Among the most common migraine trigger people report is stress. Controlling stress is a successful technique many people use to help reduce their migraines. But as a blogger on Migraine.com recently pointed out, it isn’t always the stress itself that leads to migraines. It may be related behaviors.
What Do You Do When You’re Stressed?
As this blogger noted, there are many things that people do when they’re stressed that can actually be the real cause of migraines, not the stress itself. Among the common problems she referred to were:
- Skipping meals
- Getting dehydrated
- Staying up late (sleeping in could also be a problem)
- Skipping medications or supplements that help
- Not checking for food triggers or other avoidable triggers
- Not paying attention to migraine warnings
When she realized what she was doing, she also realized that there were ways to stop her stress-related migraines that were completely unrelated to the stress itself. Instead, when she was faced with a stressful situation, she made sure that she focused on the things that could trigger her migraines and made choices that allowed her to avoid the migraines. This did not take the place of her migraine treatments, but it helped make her migraine treatment more effective.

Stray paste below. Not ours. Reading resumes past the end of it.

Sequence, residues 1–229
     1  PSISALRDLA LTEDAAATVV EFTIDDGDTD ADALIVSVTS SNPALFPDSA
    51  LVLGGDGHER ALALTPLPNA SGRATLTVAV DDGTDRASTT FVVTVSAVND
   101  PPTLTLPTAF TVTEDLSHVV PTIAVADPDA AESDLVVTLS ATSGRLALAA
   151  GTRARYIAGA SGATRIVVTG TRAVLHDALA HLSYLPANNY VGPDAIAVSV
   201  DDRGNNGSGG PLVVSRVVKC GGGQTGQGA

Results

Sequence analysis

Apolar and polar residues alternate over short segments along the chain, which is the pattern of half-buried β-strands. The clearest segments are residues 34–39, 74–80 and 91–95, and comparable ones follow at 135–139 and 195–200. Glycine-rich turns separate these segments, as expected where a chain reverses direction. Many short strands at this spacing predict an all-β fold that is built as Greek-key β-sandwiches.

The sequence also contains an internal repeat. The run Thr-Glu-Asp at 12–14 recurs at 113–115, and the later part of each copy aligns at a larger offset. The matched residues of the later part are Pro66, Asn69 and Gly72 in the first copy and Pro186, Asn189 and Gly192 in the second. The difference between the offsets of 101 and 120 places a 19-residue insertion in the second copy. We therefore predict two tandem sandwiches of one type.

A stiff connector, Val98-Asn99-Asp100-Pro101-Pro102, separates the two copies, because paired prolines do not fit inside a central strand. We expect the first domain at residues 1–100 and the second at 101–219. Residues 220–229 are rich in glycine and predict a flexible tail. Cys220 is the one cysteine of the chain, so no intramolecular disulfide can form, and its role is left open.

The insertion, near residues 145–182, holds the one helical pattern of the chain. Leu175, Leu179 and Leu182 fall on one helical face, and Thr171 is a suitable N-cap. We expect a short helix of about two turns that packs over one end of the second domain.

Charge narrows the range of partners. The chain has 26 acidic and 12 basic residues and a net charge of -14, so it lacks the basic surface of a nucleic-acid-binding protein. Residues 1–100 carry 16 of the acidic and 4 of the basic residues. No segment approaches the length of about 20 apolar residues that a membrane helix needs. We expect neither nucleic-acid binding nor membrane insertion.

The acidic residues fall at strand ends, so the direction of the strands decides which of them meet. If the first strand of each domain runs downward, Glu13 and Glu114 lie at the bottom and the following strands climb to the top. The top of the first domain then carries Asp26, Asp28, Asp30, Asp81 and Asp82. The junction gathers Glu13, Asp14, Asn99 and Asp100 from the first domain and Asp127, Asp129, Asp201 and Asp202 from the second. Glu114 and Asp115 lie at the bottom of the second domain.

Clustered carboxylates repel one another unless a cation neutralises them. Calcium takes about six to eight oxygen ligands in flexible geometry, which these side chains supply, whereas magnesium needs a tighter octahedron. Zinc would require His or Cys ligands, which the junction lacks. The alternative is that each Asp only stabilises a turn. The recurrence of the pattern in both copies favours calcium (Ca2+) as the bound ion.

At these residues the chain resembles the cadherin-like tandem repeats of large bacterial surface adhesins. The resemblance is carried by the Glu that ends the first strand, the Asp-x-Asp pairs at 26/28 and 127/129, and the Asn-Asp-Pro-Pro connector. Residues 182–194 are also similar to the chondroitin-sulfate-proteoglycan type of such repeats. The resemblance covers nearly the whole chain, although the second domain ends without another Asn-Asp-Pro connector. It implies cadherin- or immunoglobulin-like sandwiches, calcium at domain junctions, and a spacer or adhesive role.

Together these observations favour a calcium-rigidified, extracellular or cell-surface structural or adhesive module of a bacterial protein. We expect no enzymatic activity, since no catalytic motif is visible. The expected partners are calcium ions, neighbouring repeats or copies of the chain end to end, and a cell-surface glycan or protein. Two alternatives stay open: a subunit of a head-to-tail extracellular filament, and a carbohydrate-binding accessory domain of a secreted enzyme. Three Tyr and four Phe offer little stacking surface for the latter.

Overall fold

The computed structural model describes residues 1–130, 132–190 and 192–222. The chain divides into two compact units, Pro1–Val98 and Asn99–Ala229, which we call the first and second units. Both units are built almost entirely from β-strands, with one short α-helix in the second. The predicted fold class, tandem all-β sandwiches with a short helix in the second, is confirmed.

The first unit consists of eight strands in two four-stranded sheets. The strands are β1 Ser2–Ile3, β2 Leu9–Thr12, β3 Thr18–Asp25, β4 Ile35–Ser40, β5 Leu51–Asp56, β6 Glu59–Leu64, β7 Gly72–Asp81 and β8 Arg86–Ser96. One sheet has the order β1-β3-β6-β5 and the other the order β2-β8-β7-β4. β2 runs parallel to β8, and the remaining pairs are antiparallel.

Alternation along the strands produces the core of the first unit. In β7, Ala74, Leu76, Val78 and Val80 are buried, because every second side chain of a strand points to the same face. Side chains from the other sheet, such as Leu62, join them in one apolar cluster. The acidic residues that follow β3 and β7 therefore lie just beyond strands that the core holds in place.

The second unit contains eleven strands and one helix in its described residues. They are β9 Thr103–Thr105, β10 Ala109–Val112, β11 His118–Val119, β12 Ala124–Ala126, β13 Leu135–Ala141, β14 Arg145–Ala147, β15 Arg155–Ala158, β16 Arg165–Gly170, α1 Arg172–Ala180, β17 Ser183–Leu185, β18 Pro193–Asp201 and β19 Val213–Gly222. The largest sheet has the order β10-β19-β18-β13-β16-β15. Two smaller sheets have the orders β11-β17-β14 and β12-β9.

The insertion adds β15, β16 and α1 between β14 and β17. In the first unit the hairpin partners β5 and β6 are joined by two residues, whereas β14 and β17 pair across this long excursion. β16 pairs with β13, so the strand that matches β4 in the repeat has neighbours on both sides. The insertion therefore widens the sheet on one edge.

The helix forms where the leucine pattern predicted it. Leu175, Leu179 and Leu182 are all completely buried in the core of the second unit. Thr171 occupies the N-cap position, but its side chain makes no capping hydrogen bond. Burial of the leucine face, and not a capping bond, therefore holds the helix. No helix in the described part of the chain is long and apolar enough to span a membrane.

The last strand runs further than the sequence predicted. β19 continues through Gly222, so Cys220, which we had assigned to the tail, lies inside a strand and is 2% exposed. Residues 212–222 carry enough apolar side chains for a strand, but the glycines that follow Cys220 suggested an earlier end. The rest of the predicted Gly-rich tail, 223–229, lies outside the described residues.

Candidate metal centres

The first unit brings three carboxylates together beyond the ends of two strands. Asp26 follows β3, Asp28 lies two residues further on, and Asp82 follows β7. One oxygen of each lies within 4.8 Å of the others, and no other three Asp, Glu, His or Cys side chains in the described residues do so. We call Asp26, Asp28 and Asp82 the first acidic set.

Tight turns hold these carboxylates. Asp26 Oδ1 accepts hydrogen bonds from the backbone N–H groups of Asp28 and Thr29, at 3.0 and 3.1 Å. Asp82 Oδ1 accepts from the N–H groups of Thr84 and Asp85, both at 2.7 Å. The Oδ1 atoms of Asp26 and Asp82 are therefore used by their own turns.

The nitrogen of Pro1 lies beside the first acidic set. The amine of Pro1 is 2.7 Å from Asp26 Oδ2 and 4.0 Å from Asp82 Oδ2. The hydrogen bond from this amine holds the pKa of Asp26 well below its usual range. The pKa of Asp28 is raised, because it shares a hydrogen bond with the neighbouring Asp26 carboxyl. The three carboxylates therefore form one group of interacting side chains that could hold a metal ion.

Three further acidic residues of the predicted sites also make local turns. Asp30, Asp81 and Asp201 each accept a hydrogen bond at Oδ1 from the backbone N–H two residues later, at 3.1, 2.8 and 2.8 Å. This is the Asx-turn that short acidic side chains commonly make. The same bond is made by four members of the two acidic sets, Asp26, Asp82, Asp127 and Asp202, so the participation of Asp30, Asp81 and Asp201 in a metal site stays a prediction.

This involved some choices that were hard, such as not staying up late when family was in town, or skipping snacks, cookies, and other holiday treats. She also had to make herself let go of some of the standards she had made for herself, such as thinking she always had to make a homemade, and home-decorated cake for her kids’ birthday parties.
Stress-Related Jaw Clenching
Another stress-related behavior that can often contribute to migraines is jaw clenching. For many people, migraines can be triggered by the muscle activity of jaw clenching. This can occur because the intense activity overloads the trigeminal nerve or because the jaw muscles are putting pressure on the trigeminal nerve. Since the trigeminal nerve is the origin point of migraines, the headaches inevitably follow.
Jaw clenching behavior can be lessened with TMJ treatment. TMJ treatment can also reduce the muscle tension that builds up in the jaw, reducing the risk that it will lead to nerve overload or pressure that causes migraines. This may not take the place of your other migraine treatments, but it might help make them more effective.
If you think that stress-related jaw clenching might be contributing to your migraines, we can help. Please call